Tackling the creation of economic incentives to preserve forests in poverty-stricken or third-world nations
Third world nations - defined as developing countries of Africa, Asia and Latin America with low economic development, high levels of poverty, low utilization of natural resources, and heavy dependence on developed nations - have been simultaneously struggling to eradicate poverty while holding the responsibility of conserving forests. These impoverished nations, such as but not limited to Bolivia, Guatemala, Nicaragua, Central African Republic and Democratic Republic of Congo, cover a huge portion of the world’s forests. In an effort to finance debt repayments, these developing nations have supported destructive projects designed to exploit a myriad of resources. This forest destruction produces as much as 15 percent of the world’s greenhouse gas emissions and has been a serious byproduct of developed countries gaining economic advantages from profit seeking activities that result in deforestation; e.g. logging, mineral extraction, clearing for subsistence and commercial agriculture, fuelwood.1 A number of international organizations have responded to this issue and pooled their efforts in reducing emissions from forested lands and investing in low-carbon paths to sustainable development by offering economic incentives to developing nations. Notably, the United Nations Collaborative Programme on Reducing Emissions from Deforestation and Forest Degradation in Developing Countries (REDD+) implemented within the United Nations Framework Convention on Climate Change (UNFCCC) aims to “a. increase income of developing countries by improving the output of cultivated land, b. develop new “green industries,” c. promote forest-based ecotourism, and d. stimulate production and demand for sustainably produced soft commodities.” 2 Though REDD+ has been proving its global level of success, the activities are not formally acknowledged as practical methods to thwart rapid climate change by the existing international policy. Additionally, questions remain about whether the actions already taken are enough to preserve and restore forests in the third world. Considering the low quality of new plantations and restored forests, further efforts and additional incentives must be explored.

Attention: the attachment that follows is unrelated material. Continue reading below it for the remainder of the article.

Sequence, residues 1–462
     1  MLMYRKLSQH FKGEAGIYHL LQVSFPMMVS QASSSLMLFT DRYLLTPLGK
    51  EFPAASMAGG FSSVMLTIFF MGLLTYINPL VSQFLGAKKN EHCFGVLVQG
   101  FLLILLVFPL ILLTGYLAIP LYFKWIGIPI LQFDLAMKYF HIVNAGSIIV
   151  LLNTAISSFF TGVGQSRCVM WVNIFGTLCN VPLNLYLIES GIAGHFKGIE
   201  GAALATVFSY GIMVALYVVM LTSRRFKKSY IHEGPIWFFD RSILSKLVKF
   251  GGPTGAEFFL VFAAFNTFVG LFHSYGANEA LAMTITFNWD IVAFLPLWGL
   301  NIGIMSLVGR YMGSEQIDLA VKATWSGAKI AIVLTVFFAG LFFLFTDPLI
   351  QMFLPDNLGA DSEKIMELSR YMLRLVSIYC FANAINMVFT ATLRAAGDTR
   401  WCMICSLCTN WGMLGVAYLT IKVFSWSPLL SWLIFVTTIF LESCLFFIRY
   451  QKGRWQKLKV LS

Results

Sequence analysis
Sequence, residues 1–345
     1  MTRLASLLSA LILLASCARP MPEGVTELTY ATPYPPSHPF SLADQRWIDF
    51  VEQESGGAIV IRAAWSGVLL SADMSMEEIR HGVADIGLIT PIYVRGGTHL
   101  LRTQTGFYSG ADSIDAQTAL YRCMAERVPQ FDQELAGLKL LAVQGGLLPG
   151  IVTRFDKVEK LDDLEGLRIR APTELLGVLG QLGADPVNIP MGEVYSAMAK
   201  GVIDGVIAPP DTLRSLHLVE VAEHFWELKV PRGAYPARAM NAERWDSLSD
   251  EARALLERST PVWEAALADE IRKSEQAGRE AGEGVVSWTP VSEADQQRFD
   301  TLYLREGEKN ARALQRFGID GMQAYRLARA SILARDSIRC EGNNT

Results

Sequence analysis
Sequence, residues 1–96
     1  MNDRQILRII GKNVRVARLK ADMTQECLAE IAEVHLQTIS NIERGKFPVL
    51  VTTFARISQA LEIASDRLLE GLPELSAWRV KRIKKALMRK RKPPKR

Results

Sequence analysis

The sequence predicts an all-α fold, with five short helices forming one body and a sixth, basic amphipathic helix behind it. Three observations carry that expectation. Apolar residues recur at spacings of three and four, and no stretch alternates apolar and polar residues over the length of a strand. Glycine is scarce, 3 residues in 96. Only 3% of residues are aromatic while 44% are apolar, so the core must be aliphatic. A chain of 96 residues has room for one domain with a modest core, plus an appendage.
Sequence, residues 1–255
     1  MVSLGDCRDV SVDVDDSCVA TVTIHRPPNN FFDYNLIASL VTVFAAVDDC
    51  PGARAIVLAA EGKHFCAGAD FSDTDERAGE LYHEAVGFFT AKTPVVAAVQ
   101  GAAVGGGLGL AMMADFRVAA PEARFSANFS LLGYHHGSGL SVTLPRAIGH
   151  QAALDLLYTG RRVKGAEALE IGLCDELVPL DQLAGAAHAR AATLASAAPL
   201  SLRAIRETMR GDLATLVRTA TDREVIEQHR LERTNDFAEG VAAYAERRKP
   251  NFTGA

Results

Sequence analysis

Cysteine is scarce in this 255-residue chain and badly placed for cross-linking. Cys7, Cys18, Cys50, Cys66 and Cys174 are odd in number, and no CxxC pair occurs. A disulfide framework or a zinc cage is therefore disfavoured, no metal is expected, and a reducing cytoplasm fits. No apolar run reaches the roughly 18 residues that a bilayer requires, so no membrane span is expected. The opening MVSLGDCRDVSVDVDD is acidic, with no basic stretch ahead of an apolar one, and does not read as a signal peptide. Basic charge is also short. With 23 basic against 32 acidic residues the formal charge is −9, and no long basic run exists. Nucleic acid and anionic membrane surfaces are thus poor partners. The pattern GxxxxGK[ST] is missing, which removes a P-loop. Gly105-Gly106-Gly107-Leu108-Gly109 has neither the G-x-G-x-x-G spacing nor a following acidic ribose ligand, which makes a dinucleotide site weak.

- Which member states are responsible for rendering economic incentives to impoverished third-world nations? How will these states be selected?
- How can the economic value of ecosystem services be measured?
- What are some ways to determine how much effort that take account of forest ecosystem services is in need?
- How much UN intervention/international inaction is necessary to establish economic incentives?
- What instruments are appropriate for maintaining or restoring the ecosystem services provided by forests? Be specific.